“Cheer up” may not be exactly what you want to hear if you’re feeling depressed. But, there is news to feel good about.
Depression is one of the most successfully treated illnesses. According to the American Association for Geriatric Psychiatry, when properly diagnosed and treated, more than 80 percent of depression sufferers recover and return to their normal lives.
Depression can have many causes. Have you ever wondered why some people feel worse during the winter? Particularly at this time of year when days are shorter, moods can be affected by variations in light during the winter months. This has long been recognized as seasonal affective disorder, or SAD, and can be accompanied by those blues that build around the holidays. Sources of depression may also include other illnesses and the side effects of medications, change of environment or grief.
Whatever the reason, depression can be treated in many ways. SAD symptoms can be managed with phototherapy, which uses a device constructed of white fluorescent lights to combat the effects of light deprivation, or walks on winter days may be prescribed.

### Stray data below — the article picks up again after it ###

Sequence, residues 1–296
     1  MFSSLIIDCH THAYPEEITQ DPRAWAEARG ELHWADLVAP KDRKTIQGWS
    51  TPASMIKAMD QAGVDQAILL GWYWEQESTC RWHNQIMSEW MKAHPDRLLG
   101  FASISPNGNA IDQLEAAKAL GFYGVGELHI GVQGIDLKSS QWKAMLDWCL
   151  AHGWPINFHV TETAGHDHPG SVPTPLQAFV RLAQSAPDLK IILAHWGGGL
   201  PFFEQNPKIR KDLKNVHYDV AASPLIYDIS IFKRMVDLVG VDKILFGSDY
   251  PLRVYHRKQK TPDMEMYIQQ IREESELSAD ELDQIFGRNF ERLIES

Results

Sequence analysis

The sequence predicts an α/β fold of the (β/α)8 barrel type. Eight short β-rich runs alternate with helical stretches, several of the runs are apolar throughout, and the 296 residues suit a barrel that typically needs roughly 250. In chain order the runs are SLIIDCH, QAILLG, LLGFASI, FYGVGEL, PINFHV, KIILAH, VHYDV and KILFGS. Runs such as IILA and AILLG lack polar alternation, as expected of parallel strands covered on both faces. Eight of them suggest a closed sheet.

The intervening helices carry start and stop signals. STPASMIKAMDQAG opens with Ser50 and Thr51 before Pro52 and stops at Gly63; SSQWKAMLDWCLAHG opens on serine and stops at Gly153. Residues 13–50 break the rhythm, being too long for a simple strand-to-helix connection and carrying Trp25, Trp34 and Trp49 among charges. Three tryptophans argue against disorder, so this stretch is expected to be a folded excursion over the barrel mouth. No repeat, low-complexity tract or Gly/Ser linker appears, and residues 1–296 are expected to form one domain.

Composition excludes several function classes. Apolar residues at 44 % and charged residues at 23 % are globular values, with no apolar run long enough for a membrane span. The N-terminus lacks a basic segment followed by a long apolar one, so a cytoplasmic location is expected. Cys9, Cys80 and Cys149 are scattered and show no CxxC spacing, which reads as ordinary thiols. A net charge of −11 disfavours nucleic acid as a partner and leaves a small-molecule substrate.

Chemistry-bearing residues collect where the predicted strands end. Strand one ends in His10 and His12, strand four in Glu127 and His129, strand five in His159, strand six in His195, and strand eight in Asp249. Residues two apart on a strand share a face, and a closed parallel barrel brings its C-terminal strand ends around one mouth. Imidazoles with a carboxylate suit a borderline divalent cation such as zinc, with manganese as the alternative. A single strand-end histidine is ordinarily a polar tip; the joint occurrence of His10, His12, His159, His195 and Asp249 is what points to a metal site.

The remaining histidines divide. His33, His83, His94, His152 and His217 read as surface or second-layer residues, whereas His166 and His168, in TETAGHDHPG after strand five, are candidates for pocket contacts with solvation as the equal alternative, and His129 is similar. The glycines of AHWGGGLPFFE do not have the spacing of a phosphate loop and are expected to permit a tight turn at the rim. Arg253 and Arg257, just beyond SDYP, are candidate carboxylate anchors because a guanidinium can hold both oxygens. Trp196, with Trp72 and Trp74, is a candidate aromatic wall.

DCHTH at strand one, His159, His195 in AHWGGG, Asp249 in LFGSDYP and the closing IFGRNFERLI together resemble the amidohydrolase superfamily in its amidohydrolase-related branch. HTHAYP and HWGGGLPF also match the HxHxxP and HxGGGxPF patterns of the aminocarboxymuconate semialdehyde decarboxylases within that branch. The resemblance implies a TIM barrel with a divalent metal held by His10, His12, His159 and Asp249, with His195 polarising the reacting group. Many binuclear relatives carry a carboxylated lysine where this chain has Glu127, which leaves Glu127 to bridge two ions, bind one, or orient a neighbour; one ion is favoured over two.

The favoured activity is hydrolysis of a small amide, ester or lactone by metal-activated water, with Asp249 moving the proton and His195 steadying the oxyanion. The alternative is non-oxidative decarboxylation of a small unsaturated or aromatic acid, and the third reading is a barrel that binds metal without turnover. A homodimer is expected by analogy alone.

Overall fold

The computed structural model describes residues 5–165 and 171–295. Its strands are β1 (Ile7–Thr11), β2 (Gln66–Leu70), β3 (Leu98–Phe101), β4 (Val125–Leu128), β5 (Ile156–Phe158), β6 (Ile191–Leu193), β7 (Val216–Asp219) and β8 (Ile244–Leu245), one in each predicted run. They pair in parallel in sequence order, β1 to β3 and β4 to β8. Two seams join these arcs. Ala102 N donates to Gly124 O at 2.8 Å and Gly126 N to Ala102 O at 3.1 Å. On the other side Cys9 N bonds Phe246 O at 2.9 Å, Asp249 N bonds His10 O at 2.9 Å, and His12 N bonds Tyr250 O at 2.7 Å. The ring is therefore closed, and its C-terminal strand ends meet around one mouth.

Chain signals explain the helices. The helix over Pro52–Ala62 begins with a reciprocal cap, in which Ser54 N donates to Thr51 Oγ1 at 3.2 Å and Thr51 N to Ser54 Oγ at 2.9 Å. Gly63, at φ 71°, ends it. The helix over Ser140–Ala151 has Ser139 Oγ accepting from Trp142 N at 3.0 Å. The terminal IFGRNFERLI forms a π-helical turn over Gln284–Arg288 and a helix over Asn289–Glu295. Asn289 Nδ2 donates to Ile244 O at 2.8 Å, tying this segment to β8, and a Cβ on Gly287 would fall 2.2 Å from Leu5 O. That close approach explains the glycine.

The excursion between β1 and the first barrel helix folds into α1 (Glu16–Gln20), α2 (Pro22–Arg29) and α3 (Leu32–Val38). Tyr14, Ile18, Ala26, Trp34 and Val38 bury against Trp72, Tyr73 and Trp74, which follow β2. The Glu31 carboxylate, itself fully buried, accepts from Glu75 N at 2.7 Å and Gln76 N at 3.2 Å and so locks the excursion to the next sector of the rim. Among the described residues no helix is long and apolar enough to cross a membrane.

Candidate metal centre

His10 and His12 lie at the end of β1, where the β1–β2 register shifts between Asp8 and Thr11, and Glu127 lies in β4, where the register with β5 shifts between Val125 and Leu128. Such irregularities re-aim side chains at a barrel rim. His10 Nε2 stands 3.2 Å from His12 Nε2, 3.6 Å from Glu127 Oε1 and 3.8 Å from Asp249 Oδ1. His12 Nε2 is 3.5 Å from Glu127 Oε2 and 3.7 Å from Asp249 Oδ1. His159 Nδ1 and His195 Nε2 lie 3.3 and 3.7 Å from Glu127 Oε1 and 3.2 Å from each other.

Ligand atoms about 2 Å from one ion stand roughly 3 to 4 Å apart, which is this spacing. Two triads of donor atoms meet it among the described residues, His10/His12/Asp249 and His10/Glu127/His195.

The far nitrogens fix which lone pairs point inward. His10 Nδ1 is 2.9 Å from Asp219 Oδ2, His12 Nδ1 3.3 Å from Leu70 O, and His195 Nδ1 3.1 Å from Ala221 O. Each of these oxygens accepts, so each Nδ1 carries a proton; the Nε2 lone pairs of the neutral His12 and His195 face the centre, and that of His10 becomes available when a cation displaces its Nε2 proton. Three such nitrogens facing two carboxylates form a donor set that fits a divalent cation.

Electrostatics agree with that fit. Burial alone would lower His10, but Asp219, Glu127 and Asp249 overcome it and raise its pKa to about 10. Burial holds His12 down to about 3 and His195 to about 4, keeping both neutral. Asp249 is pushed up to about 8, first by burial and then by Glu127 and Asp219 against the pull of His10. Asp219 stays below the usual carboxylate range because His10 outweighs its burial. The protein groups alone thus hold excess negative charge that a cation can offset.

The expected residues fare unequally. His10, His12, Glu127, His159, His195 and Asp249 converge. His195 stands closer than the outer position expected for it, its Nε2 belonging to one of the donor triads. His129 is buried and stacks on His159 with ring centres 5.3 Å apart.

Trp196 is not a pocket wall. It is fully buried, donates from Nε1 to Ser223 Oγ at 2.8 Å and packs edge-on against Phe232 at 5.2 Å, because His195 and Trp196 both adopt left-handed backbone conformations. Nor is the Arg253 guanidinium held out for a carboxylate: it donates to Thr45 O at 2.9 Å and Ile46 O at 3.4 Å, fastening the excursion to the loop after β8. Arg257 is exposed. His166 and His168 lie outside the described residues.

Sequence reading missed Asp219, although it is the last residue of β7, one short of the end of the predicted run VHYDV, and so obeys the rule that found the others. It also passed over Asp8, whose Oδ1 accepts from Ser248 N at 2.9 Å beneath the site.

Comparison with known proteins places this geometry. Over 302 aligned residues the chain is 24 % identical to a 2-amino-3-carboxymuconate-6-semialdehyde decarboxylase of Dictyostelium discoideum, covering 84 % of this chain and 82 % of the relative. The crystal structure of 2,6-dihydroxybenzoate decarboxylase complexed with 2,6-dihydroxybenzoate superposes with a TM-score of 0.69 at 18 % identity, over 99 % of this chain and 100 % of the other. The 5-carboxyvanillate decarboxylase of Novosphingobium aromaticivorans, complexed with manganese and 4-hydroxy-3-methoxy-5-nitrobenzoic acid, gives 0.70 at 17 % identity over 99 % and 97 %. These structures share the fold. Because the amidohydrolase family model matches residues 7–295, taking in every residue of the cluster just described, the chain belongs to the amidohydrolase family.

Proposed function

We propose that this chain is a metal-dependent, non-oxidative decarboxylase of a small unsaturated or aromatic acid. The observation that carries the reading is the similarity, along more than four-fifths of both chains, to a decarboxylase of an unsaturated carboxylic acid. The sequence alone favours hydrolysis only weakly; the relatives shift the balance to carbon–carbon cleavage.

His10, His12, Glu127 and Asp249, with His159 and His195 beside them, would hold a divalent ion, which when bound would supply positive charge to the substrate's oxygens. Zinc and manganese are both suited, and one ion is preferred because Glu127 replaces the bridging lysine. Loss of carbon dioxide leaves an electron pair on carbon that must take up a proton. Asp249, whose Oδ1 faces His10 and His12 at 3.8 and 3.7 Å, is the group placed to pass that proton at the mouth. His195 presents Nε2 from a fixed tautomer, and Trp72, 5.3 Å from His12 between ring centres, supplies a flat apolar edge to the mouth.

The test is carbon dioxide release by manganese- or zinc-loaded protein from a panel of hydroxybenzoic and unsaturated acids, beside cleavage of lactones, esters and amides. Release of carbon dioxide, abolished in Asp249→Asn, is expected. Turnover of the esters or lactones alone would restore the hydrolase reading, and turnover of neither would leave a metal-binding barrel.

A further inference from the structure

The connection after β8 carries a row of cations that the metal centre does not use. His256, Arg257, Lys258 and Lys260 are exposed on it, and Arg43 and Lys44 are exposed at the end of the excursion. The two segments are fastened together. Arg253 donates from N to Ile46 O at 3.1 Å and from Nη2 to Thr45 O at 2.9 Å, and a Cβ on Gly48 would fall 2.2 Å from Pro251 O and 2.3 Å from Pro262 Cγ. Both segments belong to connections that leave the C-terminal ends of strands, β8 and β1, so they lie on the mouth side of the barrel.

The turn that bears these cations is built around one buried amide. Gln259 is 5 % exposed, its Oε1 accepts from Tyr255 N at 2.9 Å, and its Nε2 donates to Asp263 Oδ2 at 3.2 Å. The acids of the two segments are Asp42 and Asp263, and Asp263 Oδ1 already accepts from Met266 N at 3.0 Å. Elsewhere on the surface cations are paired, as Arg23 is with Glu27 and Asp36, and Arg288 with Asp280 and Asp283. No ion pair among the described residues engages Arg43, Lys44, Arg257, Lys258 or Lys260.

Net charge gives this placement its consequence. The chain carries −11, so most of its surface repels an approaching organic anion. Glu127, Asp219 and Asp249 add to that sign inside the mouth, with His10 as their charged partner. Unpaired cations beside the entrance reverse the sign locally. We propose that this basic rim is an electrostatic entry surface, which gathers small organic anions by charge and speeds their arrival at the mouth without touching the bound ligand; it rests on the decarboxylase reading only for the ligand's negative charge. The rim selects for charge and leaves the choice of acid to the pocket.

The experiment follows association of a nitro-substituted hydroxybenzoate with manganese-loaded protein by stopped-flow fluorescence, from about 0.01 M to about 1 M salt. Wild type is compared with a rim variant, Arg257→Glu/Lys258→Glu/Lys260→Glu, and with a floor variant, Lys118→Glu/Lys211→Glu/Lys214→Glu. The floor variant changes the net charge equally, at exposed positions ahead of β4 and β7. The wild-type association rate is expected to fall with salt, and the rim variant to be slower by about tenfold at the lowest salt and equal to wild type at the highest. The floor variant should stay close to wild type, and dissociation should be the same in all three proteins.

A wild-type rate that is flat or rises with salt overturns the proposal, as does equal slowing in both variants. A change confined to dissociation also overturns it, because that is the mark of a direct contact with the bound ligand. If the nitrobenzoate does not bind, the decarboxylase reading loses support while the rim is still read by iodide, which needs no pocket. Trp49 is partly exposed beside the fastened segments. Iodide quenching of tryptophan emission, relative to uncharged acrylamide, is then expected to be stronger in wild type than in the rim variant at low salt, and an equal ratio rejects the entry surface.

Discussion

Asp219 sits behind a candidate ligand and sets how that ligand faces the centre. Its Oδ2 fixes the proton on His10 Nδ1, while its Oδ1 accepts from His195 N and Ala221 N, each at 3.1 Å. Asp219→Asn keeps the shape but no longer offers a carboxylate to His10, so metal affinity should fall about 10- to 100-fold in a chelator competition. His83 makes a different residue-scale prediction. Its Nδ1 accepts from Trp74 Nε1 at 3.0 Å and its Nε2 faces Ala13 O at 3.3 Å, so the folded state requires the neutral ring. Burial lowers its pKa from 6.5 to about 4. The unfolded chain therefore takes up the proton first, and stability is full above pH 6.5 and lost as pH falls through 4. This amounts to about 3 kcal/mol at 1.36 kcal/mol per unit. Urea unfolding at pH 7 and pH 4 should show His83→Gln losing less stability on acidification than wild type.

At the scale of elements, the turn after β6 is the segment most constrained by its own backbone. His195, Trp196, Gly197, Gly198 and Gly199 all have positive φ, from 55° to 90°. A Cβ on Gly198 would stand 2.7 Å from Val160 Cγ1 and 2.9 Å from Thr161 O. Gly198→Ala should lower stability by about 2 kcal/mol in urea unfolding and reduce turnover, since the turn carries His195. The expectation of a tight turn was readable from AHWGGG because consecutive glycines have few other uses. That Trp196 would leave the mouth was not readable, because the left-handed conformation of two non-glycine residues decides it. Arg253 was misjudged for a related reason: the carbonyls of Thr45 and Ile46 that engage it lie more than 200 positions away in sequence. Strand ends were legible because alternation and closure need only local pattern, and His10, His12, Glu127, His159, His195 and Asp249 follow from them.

Whether seasonal or reoccurring, psychotherapy and counseling can play a significant role in overcoming depression, with or without antidepressants. A comprehensive consultation with a medical professional will help decide whether an antidepressant is needed and which medication is best suited to you.
Recognizing the Symptoms
Depression is characterized by symptoms that interfere with the ability to function normally, often for a prolonged time period. Symptoms in older adults may vary greatly; however, signs to look for include:
• persistent sadness or crying
• feelings of hopelessness, helplessness or despair
• a rundown feeling
• withdrawal from regular social activities
• difficulty sleeping or excessive sleeping
• memory loss or difficulty concentrating
• excessive worrying about finances or health problems
• pacing and fidgeting
• significant weight loss or gain
• thoughts of suicide or death
Many times, clues are overlooked, mistaken for natural signs of again or even thought to be signs or dementia. But don’t dismiss them. Undiagnosed and untreated depression in older adults causes needless suffering for the individual and family members. Recognizing depression is an important first step. And the good news is there are treatments – treatments that work.
Health Keys Winter 2005/2006